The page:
At work, Kashmir women too faces ‘discrimination’


    Tabish Khan

    Srinagar: Many women professions in Kashmir believe their gender count against them during their career.

    The INS spoke to a number of fairer gender professionals—doctors, engineers, policewomen, lawyers and journalists and here is what they have to say.

    Dr Masrat, a senior gynaecologist, at a government hospital here says that gender bias for female doctors at workplace a “reality.”

    “I have been into this profession from more than six years now and I had gone through discrimination a number of times. No matter how much hardworking and efficient a female doctor is she faces discrimination.”

    A number of doctors defined discrimination as “disrespect from support staff, exclusion from administrative decisions, bias against pregnancy, maternity leave or breastfeeding, and lack of equal pay.”

    “We only have 45 days maternity leave, and even during pregnancy, we are supposed to have night shifts. Even Supreme Court had forwarded resolution that employee who had been working in any organization will be provided six month leave along with benefits. Forget about extra pay, we are never appreciated for our efforts,” said a junior Doctor at SKIMS Soura.

    “Doctors are never able to give proper parental care to their children and we always struggle to be good mothers.”

    Some female doctors claimed that it was very difficult to be in medical field as “social life is completely cut off.”

    “We even struggle to get time for lunch or dinner. We have to be available for all the time. We even don’t know the meaning of vacations,” says doctor Asma who works in the Valley’s only tertiary care hospital here.

    Female doctors, she says, mostly marry doctors and “this is not due to our attitude, it is only because we know only doctor can understand what our profession demands.”

    To promote gender equity and retain high-quality doctors, she says, employers should implement policies that reduce the discrimination and support gender equity such as longer paid maternity leave, backup childcare, lactation support, and increased schedule flexibility.

    Subreen Malik, 27, is a lawyer. She has been is in the profession from last eight years.

    “The gender discrimination is in every field and courtroom, where we fight for rights, is no different,” says Sabreen.

    Sabreen is a settled lawyer but she too faces what she firmly believes is discrimination. According to her, discrimination is “apparent” and now female lawyers take it routinely.

    Other female lawyers claimed that the clients ‘think ten times’ before handing over the case to them.

    “Our male colleagues are making better than us. It is not we lack in competence but they are able to make more contacts then we do. Some of them would contact police officers who provide them cases. And if we try to do same just to compete with male colleagues, we are called dubbed as ‘characterless’,” said a female lawyer wishing not be named.

    Advocate Mehwish says that due the male dominant nature in courtroom, “not only females suffer but clients suffer too.”

    “An accused and parties in a civil suit invariably prefers male counterparts because of the obvious reasons.”

    Discrimination, they say, is not restricted to courtroom only and in other facets of life. “Our parents are finding it hard to get us married,” a lawyer said.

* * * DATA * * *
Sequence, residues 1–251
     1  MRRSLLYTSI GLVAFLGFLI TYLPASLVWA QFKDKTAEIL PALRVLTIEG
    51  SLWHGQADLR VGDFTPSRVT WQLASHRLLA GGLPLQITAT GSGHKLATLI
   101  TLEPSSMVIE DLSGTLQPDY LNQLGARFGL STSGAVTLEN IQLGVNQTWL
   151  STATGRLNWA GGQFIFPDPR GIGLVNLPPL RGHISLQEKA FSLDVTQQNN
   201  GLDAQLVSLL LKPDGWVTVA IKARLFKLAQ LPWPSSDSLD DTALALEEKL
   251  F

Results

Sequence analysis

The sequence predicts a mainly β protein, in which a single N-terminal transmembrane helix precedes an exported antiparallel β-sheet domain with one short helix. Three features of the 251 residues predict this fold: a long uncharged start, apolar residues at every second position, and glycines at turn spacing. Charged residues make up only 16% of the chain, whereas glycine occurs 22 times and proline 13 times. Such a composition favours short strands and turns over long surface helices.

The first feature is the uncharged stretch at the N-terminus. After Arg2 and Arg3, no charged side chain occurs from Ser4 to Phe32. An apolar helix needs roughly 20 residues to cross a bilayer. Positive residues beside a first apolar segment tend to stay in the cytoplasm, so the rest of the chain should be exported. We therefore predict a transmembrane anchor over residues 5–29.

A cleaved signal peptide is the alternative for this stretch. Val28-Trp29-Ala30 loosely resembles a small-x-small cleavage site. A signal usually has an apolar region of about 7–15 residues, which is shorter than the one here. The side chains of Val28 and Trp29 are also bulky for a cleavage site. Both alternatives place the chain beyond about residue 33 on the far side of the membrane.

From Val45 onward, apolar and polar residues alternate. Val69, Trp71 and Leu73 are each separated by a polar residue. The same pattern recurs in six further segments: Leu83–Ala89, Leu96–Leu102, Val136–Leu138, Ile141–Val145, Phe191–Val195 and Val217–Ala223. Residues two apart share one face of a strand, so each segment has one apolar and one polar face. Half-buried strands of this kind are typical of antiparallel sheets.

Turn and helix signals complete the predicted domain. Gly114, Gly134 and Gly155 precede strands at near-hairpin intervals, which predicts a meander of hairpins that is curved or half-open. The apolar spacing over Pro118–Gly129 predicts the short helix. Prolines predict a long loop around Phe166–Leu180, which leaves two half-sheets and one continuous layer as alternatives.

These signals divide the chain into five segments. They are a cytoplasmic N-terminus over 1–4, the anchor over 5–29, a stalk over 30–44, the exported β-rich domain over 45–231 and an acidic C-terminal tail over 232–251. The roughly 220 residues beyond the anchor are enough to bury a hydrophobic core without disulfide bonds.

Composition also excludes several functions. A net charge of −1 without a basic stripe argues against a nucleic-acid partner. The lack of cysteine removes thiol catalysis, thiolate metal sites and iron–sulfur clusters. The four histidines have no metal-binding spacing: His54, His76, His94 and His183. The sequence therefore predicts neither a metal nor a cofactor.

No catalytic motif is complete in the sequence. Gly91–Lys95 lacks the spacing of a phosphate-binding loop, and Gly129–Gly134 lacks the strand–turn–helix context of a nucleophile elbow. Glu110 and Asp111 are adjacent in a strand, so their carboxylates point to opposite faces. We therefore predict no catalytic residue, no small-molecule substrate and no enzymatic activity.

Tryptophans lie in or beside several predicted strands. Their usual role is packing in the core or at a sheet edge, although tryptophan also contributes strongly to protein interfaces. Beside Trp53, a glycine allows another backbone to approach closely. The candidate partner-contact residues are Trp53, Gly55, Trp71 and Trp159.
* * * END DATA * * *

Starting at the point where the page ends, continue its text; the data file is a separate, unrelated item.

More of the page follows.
Advocate Nusrat says they there are excuses which sometime make her laugh. “They say I am well versed with my legal rights and after marriage I can make use of my power and can drag my in-laws into the court.”

    Shahzada Bano, clad in Khaki salwar kameez and tight pinned hair, talks about the challenges she faced in profession.

    “A policewoman in a male dominant society in Kashmir hardly gets credit for the good work she does,” says Shahzada. “I joined the force many years back and have handled angry mobs during turmoil and got even hurt during stone pelting. Woman police is not less than male police but we never receive a pat on our back.”

    Shahzada says women never get respect in the profession, even their male colleagues talk to them in “disrespectful” manner.

    “They always use high pitch for us. We never get chance to show our capabilities in this department, men in our department stand like a wall between us and outside world.”

    Whenever any female constables do remarkable work in the department, she says, male colleagues usually take credit and “we are left with nothing.”

    Shahzada Bano always covers her half face with khaki dupatta so that relatives of her in-laws won’t see her. “I don’t know why people call it dirty profession just because sometimes it requires us to work with criminals and strangers till late hours.”

    In Kashmir more and more females are entering in journalism field, a profession long reserved for men. Female journalists claim that they are not given equal chance to explore their capability.

    “It is very difficult to work in conflict zone and as a female, the challenge is virtually twofold. We have to convince our parents for going into field after that we have to compete with our male colleagues and at every stage, we have to prove yourself,” said a female journalist working in for a national newspaper.

    She has been into this field from past four years and she thinks it will still take many more years to her to make her name.

    “There are many hurdles in a path for a female in this profession. Even you talk of basics; there is not even separate washroom in offices.”

    In male dominant profession, she says “your way is of course not smooth. There are certain stories where I can’t go and my male colleagues can go.”